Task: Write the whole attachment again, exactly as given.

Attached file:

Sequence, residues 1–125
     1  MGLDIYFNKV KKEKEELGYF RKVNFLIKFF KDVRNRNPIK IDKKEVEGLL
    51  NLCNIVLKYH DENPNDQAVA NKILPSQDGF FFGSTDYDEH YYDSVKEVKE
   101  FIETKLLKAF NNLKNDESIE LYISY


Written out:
Sequence, residues 1–125
     1  MGLDIYFNKV KKEKEELGYF RKVNFLIKFF KDVRNRNPIK IDKKEVEGLL
    51  NLCNIVLKYH DENPNDQAVA NKILPSQDGF FFGSTDYDEH YYDSVKEVKE
   101  FIETKLLKAF NNLKNDESIE LYISY